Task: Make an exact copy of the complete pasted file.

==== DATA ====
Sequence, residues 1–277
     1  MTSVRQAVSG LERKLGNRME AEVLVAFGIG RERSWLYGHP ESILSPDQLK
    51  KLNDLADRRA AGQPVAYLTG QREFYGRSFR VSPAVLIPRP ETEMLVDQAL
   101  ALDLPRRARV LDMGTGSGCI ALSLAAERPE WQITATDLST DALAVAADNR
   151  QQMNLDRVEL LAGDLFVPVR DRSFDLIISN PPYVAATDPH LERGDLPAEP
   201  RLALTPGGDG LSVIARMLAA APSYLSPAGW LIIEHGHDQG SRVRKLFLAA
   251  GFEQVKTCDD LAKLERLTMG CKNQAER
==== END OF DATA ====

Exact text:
Sequence, residues 1–277
     1  MTSVRQAVSG LERKLGNRME AEVLVAFGIG RERSWLYGHP ESILSPDQLK
    51  KLNDLADRRA AGQPVAYLTG QREFYGRSFR VSPAVLIPRP ETEMLVDQAL
   101  ALDLPRRARV LDMGTGSGCI ALSLAAERPE WQITATDLST DALAVAADNR
   151  QQMNLDRVEL LAGDLFVPVR DRSFDLIISN PPYVAATDPH LERGDLPAEP
   201  RLALTPGGDG LSVIARMLAA APSYLSPAGW LIIEHGHDQG SRVRKLFLAA
   251  GFEQVKTCDD LAKLERLTMG CKNQAER